Margaret Atwood says eighth referendum wouldn't have passed 'without the support of men'
Margaret Atwood has said that the referendum on the eighth amendment would not have been won "without the support of men."
The Handmaid's Tale author said that issues such as abortions rights need to be back by people who they don't directly affect in order to pass.
Speaking today on The Ryan Tubridy Show on RTÉ Radio 1, Atwood said:
"That referendum would not have been won unless a lot of men had voted for it... this particular thing would not have been won without the support of men nor would votes for women... all of those things, you're always in the minority position.
"Therefore you need the support of people who are not like you to back you up on it, and that happened this time which was very very interesting to see."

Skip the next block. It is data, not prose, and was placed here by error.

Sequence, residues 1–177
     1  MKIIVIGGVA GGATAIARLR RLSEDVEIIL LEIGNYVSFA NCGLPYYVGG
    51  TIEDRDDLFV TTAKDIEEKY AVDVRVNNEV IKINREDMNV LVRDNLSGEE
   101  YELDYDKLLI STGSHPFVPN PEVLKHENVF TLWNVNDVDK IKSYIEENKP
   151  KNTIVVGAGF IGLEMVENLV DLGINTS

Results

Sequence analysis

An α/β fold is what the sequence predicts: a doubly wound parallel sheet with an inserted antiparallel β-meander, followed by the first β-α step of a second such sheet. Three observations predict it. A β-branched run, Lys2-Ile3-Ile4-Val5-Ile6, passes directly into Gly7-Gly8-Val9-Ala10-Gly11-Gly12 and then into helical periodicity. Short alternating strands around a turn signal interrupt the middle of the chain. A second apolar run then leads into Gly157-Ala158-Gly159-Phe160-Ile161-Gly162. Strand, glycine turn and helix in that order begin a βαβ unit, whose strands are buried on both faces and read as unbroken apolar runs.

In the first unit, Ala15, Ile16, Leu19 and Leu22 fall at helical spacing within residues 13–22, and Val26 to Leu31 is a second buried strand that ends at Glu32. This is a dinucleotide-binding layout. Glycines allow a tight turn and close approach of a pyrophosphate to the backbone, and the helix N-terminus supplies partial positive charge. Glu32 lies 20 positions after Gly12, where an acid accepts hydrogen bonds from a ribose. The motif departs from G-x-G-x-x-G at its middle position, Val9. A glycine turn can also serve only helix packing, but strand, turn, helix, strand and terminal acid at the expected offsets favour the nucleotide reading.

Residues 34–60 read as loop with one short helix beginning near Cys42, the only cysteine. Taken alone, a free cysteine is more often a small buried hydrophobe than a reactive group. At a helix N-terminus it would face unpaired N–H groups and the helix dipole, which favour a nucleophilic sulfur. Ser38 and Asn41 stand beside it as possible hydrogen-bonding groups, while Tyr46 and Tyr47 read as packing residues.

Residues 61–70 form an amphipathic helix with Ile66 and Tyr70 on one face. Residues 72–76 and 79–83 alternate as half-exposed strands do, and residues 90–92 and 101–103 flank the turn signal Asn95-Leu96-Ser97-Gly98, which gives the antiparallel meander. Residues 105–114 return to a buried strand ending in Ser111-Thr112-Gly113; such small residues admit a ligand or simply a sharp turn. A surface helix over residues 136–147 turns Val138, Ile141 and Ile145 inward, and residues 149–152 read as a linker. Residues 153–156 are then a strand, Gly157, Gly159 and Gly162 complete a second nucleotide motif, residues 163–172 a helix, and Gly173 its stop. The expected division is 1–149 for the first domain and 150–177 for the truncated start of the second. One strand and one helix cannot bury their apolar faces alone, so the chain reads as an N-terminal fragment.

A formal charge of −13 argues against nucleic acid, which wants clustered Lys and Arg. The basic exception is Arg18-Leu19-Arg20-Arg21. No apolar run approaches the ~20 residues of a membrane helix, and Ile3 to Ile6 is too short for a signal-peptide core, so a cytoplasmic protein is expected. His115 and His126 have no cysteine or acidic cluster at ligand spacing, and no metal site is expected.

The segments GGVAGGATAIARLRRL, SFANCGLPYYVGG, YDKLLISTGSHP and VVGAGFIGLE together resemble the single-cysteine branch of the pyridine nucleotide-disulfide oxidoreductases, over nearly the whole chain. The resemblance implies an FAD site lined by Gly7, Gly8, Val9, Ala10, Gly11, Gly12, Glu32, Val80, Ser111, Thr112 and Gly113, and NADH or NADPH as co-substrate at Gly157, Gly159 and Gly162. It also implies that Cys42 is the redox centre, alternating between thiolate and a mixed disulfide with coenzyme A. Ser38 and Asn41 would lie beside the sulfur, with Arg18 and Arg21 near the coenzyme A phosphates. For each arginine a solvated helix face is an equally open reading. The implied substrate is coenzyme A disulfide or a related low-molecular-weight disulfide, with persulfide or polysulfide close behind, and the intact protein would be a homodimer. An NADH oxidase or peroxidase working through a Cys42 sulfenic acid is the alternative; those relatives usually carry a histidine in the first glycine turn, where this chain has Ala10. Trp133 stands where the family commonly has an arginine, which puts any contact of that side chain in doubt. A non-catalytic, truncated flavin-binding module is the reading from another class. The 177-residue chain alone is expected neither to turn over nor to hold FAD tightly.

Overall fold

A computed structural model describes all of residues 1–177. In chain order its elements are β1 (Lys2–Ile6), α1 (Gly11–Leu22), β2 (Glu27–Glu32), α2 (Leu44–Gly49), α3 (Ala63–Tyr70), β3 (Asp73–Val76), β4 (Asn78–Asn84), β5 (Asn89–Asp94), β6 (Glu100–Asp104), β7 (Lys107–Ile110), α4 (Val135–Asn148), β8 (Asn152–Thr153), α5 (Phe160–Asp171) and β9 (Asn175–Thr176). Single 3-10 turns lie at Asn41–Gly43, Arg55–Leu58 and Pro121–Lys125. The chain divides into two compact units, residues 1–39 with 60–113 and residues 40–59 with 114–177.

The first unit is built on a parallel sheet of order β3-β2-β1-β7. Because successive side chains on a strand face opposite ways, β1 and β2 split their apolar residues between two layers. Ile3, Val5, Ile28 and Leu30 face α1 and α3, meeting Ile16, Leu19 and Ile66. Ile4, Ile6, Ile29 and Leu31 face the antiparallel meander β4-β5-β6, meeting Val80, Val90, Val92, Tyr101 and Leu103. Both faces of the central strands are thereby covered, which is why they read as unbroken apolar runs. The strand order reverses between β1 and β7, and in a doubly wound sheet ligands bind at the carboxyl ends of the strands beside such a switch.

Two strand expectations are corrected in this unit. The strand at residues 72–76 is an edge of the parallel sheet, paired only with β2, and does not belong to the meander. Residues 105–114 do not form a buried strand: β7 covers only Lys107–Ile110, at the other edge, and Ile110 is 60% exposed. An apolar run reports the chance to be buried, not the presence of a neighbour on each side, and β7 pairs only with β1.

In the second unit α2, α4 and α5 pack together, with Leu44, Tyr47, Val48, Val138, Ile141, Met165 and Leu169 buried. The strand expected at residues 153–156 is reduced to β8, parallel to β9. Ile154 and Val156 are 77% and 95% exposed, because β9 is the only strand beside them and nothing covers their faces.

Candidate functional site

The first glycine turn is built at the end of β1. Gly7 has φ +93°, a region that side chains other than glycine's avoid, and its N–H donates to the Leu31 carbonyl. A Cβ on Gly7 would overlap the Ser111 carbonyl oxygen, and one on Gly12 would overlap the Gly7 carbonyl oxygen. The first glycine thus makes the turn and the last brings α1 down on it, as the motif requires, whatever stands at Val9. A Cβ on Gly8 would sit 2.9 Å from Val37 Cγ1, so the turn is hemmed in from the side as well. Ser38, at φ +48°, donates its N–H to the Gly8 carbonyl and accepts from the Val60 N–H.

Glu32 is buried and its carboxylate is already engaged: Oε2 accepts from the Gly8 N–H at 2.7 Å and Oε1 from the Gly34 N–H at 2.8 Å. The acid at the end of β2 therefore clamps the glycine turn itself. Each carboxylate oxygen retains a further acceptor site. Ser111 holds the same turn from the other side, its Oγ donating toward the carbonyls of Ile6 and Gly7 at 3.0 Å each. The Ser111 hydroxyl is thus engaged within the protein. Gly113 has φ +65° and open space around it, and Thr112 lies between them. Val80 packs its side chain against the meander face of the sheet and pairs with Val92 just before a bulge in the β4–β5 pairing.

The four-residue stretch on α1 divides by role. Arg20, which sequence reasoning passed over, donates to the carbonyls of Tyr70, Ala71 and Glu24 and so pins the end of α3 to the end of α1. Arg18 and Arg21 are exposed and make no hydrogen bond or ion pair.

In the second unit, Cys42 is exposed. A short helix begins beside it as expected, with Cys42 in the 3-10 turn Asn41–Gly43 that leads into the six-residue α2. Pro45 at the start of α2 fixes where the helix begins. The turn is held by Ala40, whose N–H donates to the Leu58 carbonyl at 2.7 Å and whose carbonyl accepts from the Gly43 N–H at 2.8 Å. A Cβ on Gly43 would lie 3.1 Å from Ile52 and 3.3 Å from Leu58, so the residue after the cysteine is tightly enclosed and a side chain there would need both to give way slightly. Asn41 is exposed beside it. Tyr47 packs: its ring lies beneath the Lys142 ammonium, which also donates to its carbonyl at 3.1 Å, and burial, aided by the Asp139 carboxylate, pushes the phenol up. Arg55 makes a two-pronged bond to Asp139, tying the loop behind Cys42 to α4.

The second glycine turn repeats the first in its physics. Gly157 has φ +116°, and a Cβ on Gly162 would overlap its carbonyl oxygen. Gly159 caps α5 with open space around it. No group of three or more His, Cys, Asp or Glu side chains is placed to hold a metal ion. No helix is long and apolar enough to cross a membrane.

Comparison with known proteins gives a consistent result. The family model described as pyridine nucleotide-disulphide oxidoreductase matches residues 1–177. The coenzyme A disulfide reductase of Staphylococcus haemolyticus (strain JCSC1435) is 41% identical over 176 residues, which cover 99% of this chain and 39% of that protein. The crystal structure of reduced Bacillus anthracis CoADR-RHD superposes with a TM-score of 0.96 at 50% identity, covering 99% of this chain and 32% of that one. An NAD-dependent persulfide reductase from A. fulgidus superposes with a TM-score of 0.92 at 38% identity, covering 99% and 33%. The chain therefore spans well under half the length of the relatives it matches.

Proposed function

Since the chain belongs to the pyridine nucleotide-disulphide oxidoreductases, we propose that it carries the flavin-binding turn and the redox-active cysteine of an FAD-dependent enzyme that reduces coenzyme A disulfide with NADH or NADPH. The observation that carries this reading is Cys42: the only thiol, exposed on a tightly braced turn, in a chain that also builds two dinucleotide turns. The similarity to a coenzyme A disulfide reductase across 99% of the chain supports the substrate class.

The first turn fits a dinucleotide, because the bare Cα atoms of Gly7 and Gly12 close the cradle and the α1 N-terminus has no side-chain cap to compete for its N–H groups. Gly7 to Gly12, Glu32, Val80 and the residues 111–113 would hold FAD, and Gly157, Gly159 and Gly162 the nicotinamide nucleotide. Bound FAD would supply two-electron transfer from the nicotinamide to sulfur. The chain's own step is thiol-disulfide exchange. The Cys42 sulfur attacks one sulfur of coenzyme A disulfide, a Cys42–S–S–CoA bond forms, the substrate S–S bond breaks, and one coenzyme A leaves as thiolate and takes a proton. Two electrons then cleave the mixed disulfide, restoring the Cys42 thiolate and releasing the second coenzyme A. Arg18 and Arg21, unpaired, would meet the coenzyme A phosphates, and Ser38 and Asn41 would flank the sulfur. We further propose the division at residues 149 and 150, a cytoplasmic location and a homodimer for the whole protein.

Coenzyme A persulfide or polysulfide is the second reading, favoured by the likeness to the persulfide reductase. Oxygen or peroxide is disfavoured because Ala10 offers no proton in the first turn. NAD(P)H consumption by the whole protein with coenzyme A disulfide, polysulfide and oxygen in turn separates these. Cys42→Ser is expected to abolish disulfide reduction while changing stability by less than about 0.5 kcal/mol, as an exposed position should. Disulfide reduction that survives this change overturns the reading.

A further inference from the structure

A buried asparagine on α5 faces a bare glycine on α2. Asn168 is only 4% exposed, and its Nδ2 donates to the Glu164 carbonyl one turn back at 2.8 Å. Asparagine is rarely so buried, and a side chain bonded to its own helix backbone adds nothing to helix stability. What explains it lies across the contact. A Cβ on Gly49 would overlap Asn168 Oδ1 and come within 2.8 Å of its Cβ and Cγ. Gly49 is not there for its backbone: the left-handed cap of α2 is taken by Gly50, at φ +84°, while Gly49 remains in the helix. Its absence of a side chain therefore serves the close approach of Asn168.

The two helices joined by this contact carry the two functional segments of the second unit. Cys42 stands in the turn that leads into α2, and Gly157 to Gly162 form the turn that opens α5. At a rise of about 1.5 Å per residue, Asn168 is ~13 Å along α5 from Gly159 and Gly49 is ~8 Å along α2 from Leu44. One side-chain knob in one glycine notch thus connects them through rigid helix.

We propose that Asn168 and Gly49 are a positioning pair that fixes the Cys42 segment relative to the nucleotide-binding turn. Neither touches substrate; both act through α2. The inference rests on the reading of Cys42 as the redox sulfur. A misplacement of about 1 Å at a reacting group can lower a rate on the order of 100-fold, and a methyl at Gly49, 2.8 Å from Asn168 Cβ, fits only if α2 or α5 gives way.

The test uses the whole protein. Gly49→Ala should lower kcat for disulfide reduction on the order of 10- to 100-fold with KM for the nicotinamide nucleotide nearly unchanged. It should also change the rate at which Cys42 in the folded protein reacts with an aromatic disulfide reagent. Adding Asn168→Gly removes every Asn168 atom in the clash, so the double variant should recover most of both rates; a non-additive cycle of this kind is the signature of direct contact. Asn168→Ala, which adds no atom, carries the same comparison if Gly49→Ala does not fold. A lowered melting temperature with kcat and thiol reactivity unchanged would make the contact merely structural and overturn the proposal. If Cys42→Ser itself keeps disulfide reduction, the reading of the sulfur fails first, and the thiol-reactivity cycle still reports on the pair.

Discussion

She also added that in the lead up to Ireland's referendum, "there were some handmaids here."
Atwood is in Ireland ahead of her appearance at the Festival of Writing and Ideas in Borris House, Co Carlow.
The Canadian author, who published The Handmaid's Tale in 1985, also said that she believed "Salem witchcraft" is still in operation due to the language that was used to describe Hillary Clinton in the lead up to the US presidential election two years ago.
"When I saw the enormously seventeenth century vocabulary that was being implied to her by the opponents, I thought OK, all of this Salem witchcraft stuff is still there, because basically those were the kind of nouns and adjectives that were being implied to her... just to be clear 'witch'.
"She was very demonised, quite astonishingly."
You can listen to the full interview here.